Wednesday, June 26, 2013

Yeezus: Album Analysis

Yeezus: Album Analysis

I am a true Kanye fan, so when his album was set to release I was anticipating a sequel to Watch the Throne or at least some of the old Kanye from College Dropout & Late Registration. If you’re looking for a quintessential Hip-Hop album, this isn’t it.  This album is more of a sequel to 808s & Heartbreaks with a little My Beautiful Dark Twisted Fantasy mixed in.  As a matter of fact, most of the album could have been on MBDTF. This is not a bad thing; however, I think I can safely speak for us all when I say that we’ve had enough of him whining about previous relationships.  Good thing he’s great at creating music and storytelling, which probably keeps his real fans hanging on until he comes back with a classic Kanye/Hip-Hop album, which we all know he can do. NonDescript, one half of local producing duo JM Productions, said “I feel like if Kanye wanted to he could make a classic Hip-Hop album. I hate all this extra crap he does. Until he returns to real rap I’m not messing with him. He’s corny to me at this point”.  Some may agree. Here are my thoughts of the album in a track by track breakdown:

1.  On Sight- “…and I know she like chocolate men, got more niggas off than Cochran…”

With every song on the album the production is abstract and dark. On Sight comes in with a funky synthesized type beat with raw lyrics and West’s infamous sampling.  Kanye has always been a clever words man with a touch of dry humor and it’s apparent in a few of the lines. “…chopped ‘em both down, don’t judge him Joe Brown!”

2.  Black Skinhead- “Stop all that coon shit..early morning cartoon shit...”

Very powerful cadence type beat that is fitting to the title.  For some reason Kanye decided to experiment with screaming on this album which kind of scares me... but nonetheless I thought this was a classic Kanye song; a message over a sick beat with tons of angst.  I like the “God” chants at the end that segue into the next track I Am A God. Awesome.

3.  I Am A God-“the only rapper compared to Michael…”

Again, very dark production with screaming that almost makes the track sound demonic.  But if you can get past that, there are some great bars in this song that mesh well with the beat.  I totally get that Kanye is depicting himself being chased but it really takes away from the awesome music, and I wish he would have extended the portion without his vocals.  I want more of the music! Great song even with those few irritants.  The ending line “Ain’t no way I’m giving up on my God” is very haunting but potent. I like the reggae element as well.

4.  New Slaves- “I know that we the new slaves, I see the blood on the leaves 

When I saw this title I was looking for another message to the black youth as portrayed in Murder to Excellence (Watch The Throne), and Kanye managed to impress me.  Of course he’s bringing on the anger making valid points about how the black culture is still plagued with the materialistic state of mind. Not only does he get the point across, he uses satire to mock himself. …”y’all throwin contracts at me,you  know that niggas can’t read! [throw em some Maybach keys] fuck it, C’est la vie!”  That’s the typical attitude of young Hip-Hop that’s more concerned about the material things more than the fine print; metaphorically speaking and literally.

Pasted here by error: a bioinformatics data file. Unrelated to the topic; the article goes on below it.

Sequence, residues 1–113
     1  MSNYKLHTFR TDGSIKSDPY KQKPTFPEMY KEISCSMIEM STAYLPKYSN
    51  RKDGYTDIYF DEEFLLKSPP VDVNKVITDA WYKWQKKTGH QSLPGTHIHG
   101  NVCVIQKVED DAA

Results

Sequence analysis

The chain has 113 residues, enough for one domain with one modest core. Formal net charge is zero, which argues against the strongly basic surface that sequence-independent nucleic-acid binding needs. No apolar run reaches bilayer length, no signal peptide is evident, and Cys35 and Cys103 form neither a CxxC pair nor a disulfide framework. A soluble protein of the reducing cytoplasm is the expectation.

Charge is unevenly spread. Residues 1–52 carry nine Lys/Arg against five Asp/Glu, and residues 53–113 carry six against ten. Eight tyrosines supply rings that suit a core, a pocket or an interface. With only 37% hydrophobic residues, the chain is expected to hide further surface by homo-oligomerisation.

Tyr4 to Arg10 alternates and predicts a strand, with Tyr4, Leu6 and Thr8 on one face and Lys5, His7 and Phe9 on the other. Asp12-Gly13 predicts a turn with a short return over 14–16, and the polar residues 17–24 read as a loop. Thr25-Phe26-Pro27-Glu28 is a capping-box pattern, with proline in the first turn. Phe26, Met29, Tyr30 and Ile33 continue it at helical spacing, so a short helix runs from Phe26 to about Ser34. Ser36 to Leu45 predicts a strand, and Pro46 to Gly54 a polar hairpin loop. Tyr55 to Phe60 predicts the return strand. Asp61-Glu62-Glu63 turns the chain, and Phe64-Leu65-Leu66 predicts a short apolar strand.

5.  Hold My Liquor-“…5 years we been over…ask me why I came over…one mo’ hit and I can own ‘ya…”

If you don’t want to hear Kanye relive another encounter with an infamous ex then skip this one, HOWEVER, if you like the occasional chopped screwed auto tuned slooooow sizzurp track with a dash of guitar riffs, then you have that blended together perfectly, which makes for an awesome track. You’d probably want to vibe to this one when you’re alone in chill mode. (not mad at Chief Keef)

6.  I’m In It-“careless whispers…eye fuckin…biting ass”

Definitely the raunchiest track on the album, I feel like he was channeling Plies but if vulgar content doesn’t offend you, then try to absorb the beat…actually he switches the beat a few times, bringing the reggae component back in. Very dramatic and Kanye-esque but he didn’t overcomplicate it. More screaming. *sigh* but I love this one. It’s downright dirty and it’s not a bad thing to rock to such songs occasionally.

7.  Blood On the Leaves- “…now you sittin’ courtside wifey on the other side, gotta keep ‘em separated I call that apartheid…”

I can only assume the Billie Holiday sample Strange Fruit was supposed to bring symbolism to this rant to sideline chicks, meaning that there are some women who plot and scheme to literally “hang niggas” for the sake of their own foolish and selfish agendas.  Fail.  Knowing the background of the song, I was shocked by the theme in which he chose to write. The production was flawless and I find myself quoting the samples more than the verses because the content has no substance when you place it over such an emotional track.  I’m over the angry-toward-bitches songs.  I feel he’s evolving with production but not content. I love the music but not too fond of the lyrics, I just wish he would have went with a different approach for the topic. I must give him props for "taking it back to the 'Nolia" and inserting the C-Murder beat from the classic song Down 4 My Niggas.  Dope. Great track nevertheless, and probably one if not the best on the album.

8.  Guilt Trip-“I hit her with Jamaican dick, I’m the new ‘Shabba!’”